Courtesy of Mortgage Market Guide

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Wednesday – April 1, 2020

Mortgage rates plunged in the latest survey from the Mortgage Bankers Association due to the uncertainty caused by the coronavirus. The 30-year fixed-rate mortgage fell to 3.47% from 3.82% with 0.33 in points. Low rates pushed Market Composite Index higher by 15.3%, which is total mortgage application volume. The Refinance Index rose 25.5% while the Purchase Index fell 11%. Joel Kan, MBA’s Associate Vice President of Economic and Industry Forecasting said, “Buyer and seller traffic – and ultimately home purchases – will also likely be slowed this spring by the restrictions ordered in several states on in-person activities.”

The coronavirus is not only impacting the health of thousands of Americans, but it is also impacting the U.S. economy. With the shutdown of many businesses across the nation, economic growth will most likely suffer in the coming months. Goldman Sachs is out forecasting -34% Gross Domestic Product (GDP) in Q2 with a 15% unemployment rate. However, the investment bank sees a 19% increase in GDP in Q3. This would represent a V-Shaped recovery. In addition, a longer-term increase in unemployment would be detrimental to the housing sector.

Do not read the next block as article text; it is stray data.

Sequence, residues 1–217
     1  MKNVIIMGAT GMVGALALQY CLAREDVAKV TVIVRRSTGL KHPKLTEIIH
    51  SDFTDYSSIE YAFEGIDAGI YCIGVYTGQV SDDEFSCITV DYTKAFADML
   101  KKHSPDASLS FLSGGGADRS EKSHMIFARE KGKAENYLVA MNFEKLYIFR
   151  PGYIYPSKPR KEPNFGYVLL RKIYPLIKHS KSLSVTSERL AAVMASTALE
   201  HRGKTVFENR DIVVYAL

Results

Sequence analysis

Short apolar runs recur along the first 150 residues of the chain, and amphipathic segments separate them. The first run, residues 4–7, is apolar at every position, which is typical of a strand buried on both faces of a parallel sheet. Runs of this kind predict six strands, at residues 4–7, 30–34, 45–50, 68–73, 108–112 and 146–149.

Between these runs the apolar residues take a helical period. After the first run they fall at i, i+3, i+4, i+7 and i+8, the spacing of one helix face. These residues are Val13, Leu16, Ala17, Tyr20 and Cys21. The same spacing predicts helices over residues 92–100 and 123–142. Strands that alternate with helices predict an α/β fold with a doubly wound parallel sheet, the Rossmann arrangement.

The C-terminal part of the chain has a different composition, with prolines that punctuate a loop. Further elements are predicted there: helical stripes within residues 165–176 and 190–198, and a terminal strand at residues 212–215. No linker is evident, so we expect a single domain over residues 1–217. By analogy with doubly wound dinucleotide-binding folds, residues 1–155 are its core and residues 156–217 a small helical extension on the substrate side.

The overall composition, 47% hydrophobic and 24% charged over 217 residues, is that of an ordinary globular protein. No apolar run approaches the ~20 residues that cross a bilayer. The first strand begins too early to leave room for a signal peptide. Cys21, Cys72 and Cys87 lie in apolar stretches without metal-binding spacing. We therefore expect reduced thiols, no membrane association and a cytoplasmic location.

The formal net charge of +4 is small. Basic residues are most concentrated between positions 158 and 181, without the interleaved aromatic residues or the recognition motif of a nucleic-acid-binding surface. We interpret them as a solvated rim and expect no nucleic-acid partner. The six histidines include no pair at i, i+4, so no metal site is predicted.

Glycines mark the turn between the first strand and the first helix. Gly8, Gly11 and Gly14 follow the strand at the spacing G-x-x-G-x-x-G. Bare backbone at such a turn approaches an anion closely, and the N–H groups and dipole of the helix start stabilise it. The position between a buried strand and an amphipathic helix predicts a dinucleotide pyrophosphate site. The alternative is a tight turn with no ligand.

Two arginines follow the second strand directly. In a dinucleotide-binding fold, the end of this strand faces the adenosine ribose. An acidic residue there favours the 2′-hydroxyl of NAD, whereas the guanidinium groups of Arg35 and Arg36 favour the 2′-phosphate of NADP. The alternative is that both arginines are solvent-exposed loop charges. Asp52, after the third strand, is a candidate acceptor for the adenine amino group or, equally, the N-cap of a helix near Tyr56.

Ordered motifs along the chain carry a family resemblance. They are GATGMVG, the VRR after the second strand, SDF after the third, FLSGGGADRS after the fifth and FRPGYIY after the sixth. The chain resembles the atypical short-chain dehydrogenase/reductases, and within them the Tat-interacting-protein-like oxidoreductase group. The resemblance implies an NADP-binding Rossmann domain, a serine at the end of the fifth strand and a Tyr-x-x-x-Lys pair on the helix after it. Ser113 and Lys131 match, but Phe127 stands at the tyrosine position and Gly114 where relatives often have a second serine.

Payroll growth in the private sector was less bad than expected last month but the coming months will probably see more severe data. ADP Private Payrolls saw losses of 27,000 jobs, well above the loss of 175,000 expected. Today’s report covers up until March 12, before the shutdown began. Job losses are expected to be massive in the coming months. The report comes ahead of the government’s Jobs Report on Friday morning.

Courtesy of Mortgage Market Guide

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Tuesday – March 31, 2020

Home prices edged higher though the data was backward-looking in the January S&P Case-Shiller 20-City Home Price Index. Home prices rose 3.1% from January 2019 to January 2020, up from 2.8% the previous month as prices continued to increase at a modest rate across the U.S. The National Index saw an increase of 3.9%. On a monthly basis, prices for both the 20-City and National Index were flat. A spokesperson said, “The COVID-19 pandemic did not begin to take hold in the U.S. until late February, and thus whatever impact it will have on housing prices is not reflected in today’s data.”